Love HateBut although I love my consulting jobs half the time, the other half of the time I despise them. Because every day, every hour, every minute that I spend doing my best work for my clients is time that I take away from working on my start-up.

I consider this to be a necessary evil at the moment. But the process of getting these consulting jobs and using this capital-raising strategy has given me some insight into how to make the process more painless than painful.

My most recent article on The Industry Standard has the full scoop, so go read it now to find out more – Consulting for capital – 5 ways to make it work for your start-up.

These are the five points that the article covers:

1. Charge by the hour
2. Watch the contract terms
3. Learn from the work
4. Network
5. Schedule around your busy times

What strategies do you use to make consulting a positive capital-generating tactic for your start-up?

Photo by *_Abhi_*

Outsourcing rocks!

Friday, April 25th, 2008

That was my alternate title for the story I just wrote for The Industry Standard – up now on the site: 10 reasons that start-ups absolutely should outsource (almost) everything.

From the titles I’ve chosen, it’s pretty clear that I am a huge fan of outsourcing. Since I am the only full-time employee of my company, I am a big outsourcer. Outsourcing has been a great way for me to scale quickly without breaking the bank. I’ve written about this before, so I won’t rehash everything here, but if you want to read about my experiences with outsourcing, here are some choice selections:

Globalization, outsourcing and Pure Incubation
How to hire a Web designer using eLance
How to prepare for the globalization of your Internet business

And I found out today that all this outsourcing has had a positive impact on my business – for the first time (March 2008), I was in the black.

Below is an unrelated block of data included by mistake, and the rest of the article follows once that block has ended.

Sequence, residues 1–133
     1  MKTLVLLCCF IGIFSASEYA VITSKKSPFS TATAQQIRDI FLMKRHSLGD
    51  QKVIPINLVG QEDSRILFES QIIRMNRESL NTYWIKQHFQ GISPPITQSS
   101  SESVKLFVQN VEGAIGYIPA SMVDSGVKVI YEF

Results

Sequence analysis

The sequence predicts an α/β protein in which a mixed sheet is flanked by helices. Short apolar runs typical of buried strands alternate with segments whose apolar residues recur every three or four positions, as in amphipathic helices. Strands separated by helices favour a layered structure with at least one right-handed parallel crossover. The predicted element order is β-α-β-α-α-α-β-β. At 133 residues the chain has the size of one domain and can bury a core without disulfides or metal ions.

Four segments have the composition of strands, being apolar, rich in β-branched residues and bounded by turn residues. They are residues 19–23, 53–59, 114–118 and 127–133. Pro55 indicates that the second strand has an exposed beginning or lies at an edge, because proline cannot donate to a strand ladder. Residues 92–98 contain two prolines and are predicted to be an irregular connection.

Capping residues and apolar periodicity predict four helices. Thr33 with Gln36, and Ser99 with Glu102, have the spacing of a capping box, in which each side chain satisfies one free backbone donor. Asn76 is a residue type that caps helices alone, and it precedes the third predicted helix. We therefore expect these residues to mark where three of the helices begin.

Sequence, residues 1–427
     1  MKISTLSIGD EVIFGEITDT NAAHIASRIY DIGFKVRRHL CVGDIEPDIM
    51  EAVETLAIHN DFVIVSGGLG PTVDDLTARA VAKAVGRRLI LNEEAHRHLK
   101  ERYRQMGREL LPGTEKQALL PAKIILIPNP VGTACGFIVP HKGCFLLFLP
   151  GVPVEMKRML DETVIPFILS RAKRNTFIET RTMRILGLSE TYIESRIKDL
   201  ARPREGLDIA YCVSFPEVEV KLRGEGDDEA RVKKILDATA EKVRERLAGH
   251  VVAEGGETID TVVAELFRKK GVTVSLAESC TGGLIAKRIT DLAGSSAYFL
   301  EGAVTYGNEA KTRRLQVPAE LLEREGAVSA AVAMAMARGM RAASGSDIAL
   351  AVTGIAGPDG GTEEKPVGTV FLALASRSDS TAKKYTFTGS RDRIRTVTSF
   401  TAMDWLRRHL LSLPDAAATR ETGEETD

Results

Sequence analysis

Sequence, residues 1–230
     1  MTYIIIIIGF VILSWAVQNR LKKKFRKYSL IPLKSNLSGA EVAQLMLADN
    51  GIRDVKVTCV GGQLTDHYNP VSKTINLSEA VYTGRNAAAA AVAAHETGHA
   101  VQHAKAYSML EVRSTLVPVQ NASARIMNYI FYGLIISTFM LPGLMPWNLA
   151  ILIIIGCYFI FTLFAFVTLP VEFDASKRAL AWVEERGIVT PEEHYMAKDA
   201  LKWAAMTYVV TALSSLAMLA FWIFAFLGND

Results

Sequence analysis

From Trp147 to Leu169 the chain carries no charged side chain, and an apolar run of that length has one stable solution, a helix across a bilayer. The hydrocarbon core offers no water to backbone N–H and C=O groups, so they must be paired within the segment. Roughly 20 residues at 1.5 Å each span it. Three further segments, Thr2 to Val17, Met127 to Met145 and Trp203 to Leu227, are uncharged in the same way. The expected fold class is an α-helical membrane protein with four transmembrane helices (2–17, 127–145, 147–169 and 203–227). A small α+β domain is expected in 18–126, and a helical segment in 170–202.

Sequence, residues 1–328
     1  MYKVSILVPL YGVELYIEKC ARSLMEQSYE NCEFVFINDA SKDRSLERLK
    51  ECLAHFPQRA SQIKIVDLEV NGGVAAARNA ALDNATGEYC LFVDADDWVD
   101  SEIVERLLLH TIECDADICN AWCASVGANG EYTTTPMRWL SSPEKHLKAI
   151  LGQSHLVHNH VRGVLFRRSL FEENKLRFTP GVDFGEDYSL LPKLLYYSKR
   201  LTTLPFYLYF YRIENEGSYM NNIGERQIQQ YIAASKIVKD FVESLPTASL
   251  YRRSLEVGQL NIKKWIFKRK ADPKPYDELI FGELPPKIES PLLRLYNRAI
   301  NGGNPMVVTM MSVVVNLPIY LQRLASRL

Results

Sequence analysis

Celebration

I am a fan of celebrating the small victories (and believe me, it was small), so I’ll be celebrating this weekend. Have a good one.

Photo by bfick

MySpace vs. iTunes

Friday, April 4th, 2008

My most recent article for The Industry Standard just went up – How MySpace Music could beat iTunes. If you’re interested, please give it a read!

The music industry is something that I’m really thinking about lately with the launch of Fat J Records and signing Cara Austin – so the recent news about iTunes overtaking Wal-Mart and MySpace Music’s launch are both of great interest to me. And there are a lot of things about the MySpace vs. iTunes topic that I didn’t have space to include in my article for The Standard. So I thought I would just list them here, kind-of stream-of-thought.

MySpace logoMySpace Music can beat iTunes by supporting musicians. This is the premise of the article that I wrote for The Standard. Basically, I think that if MySpace Music provides data about the fans that purchase music, ticket and merchandise to the musicians, it can beat iTunes. Go read the article for the whole argument.

CDBaby is a model of how MySpace Music could work. CDBaby is an unbelievable music retailer that caters only to independent artists. And this is what its privacy policy says (these points are directed at buyers who visit the site):

“Only the musician whose music you buy will know who you are. If you don’t even want the musician to know about you, just say so at the bottom of your order form.”

I use CDBaby to sell CDs for Cara Austin, and so far, NOT ONE person has requested that CDBaby withhold their contact information. This is because people who go so far as to buy a CD are usually fans – and they don’t mind the band or artist being able to contact them again in the future.  According to the company’s Website, CDBaby has sold 4,202,465 CDs to customers resulting in $71,482,212 paid directly to the artists.